Whether you've just met someone, or you've been in a relationship for many years, you might feel like you sometimes have trouble connecting with your beau. Most often, that's due to a lack of intimacy.
Now, when I use the word "intimacy," you might be thinking I'm being euphemistic and I mean "sex" — but while sex can be a part of the intimacy pie, it's not even the main focus. Many of us have had sex with people who we were not really intimate with, other than physically. And hey, no judgment about that, but what I'm talking about here is intimacy as a larger relationship concept. Confused?
I like Tracy Goodwin's definition. The life coach and interpersonal communications expert defines intimacy as something you can have with anyone in your life, including a good friend, a parent or a child: "What really defines and determines an intimate relationship is the breadth and depth of the information that you share. Do you discuss things on deeper levels? Do you share feelings on a deeper level?"
"When we have intimate relationships, we start dealing in deeper levels of trust," says Goodwin. She points out that there is more risk involved in engaging in intimacy, and "that's one of the reasons people avoid intimacy — because they don't want to get hurt." Sound familiar? Fear is the biggest reason people avoid intimacy, and while it can be tough to overcome, it's not impossible. The upshot is that the rewards of real intimacy are tremendous — sex is better, disagreements are easier to work though, and day-to-day life is more cozy and enjoyable.
So, how can you get there?
1. Look into each other's eyes: In a recent, popular New York Times "Modern Love" column, the author explores how doing intimacy exercises, developed by psychologist Dr. Arthur Aron, helped her grow close to a man on their first date. There were 36 increasingly detailed questions for each other to answer, and then — four minutes of staring into each other's eyes. Mandy Len Catron wrote of the eye-staring: "I’ve skied steep slopes and hung from a rock face by a short length of rope, but staring into someone’s eyes for four silent minutes was one of the more thrilling and terrifying experiences of my life. I spent the first couple of minutes just trying to breathe properly. There was a lot of nervous smiling until, eventually, we settled in. I know the eyes are the windows to the soul or whatever, but the real crux of the moment was not just that I was really seeing someone, but that I was seeing someone really seeing me. Once I embraced the terror of this realization and gave it time to subside, I arrived somewhere unexpected. I felt brave, and in a state of wonder." She feels that the exercise works, and yes, she ends up married to the man — so this seems worth doing if you're already in a relationship with someone; it might work for you too.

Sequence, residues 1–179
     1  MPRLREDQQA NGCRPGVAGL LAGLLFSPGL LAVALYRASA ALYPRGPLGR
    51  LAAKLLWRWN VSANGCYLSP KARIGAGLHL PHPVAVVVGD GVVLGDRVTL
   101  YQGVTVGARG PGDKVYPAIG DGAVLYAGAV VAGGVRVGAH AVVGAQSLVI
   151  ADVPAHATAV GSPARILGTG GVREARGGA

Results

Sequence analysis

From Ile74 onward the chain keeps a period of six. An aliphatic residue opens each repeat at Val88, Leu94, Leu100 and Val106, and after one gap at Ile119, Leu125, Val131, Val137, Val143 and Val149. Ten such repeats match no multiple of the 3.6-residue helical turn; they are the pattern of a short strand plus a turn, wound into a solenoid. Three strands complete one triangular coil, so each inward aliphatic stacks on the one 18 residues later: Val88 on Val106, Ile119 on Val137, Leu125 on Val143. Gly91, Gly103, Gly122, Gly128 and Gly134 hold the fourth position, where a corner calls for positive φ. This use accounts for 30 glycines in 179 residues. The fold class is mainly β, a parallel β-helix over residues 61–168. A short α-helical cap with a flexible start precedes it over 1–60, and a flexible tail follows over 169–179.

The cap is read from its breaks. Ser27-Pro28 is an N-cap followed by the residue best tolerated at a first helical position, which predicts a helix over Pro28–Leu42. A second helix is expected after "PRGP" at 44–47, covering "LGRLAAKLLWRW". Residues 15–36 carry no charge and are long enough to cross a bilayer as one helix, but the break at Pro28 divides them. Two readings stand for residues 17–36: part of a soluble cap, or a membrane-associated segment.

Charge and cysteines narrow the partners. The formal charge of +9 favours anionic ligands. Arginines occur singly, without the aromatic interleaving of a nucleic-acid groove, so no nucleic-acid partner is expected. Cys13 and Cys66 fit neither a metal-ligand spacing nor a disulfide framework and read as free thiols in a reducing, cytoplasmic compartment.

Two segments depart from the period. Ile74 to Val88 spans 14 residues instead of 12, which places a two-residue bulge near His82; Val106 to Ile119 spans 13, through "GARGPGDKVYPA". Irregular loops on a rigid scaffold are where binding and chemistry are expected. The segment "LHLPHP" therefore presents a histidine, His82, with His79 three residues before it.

2. Quit the drama: If you are fighting and "breaking up to make up," think about why you're doing this. Do you crave the stress? Or are the emotions a substitute for something else? "Some couples create separateness by fighting and then making up over and over again. This allows you to continue the romantic trance, creating drama and avoiding real intimacy," writes Lynn Newman, who has created several self-discovery games.
3. Take date night seriously: It's so easy to fall into a rut. But familiarity can (for many people) let you be lazy — too lazy. Relationships and communication do take a bit of work, and that includes having a deeper discussion than what you're eating for dinner that night. One idea is weekly date nights: "By alternating weekly date nights, you have the chance to take the other person out and share something you would find fun with them. It doesn't have to be fancy, either. I've found that all that really matters to me is that someone has put some thought into where they'd like to take me, or what they'd like to share," writes Rachel Krantz, a senior editor at Bustle.
4. Listen: This one always comes up in any relationship advice you hear, and that's because it's always true. "I can't tell you the number of times I've heard ‘She/he just never listens,’ as I work with clients wanting to improve their relationship and sex life,” Dr. Fran Fisher, a certified sexuality counselor working with the Integrative Medicine Program of Sutter Medical Group shares in an article for the care provider. “Unfortunately, once communication begins to deteriorate, the other person's talking can begin to sound like white noise, or even worse — a constant irritating buzz." How does your partner sound to you when he's speaking? If you're tuning that person out, that's a real barrier to intimacy.
5. Hug: Sometimes things have gotten bad enough that you need to back up from talking to more basic forms of connection. A full-body hug for a minute or two can be a great place to start rebuilding intimacy. “I have seen remarkable shifts in relationships when this exercise has been employed,” says Fisher. “Both partners love the touch and enjoy the warmth of closeness with no agenda."
6. Put away the expectations: Some of the greatest barriers to intimacy are differing expectations. People expect things to be what they imagined, and when it doesn't match the reality, it feels like a failure. But take a good hard look at what you have with the person you're with. Is there really something missing or does it just look different from what you had expected? If it's the latter, reassess your feelings, looking at what's really happening between you and your beau and then decide if what's real is really problematic. Are there one or two things that you really DO need to be happy? Choose wisely and then tell your partner about them. And let go of the rest of what you expected your romance to look like, and live it for what it is.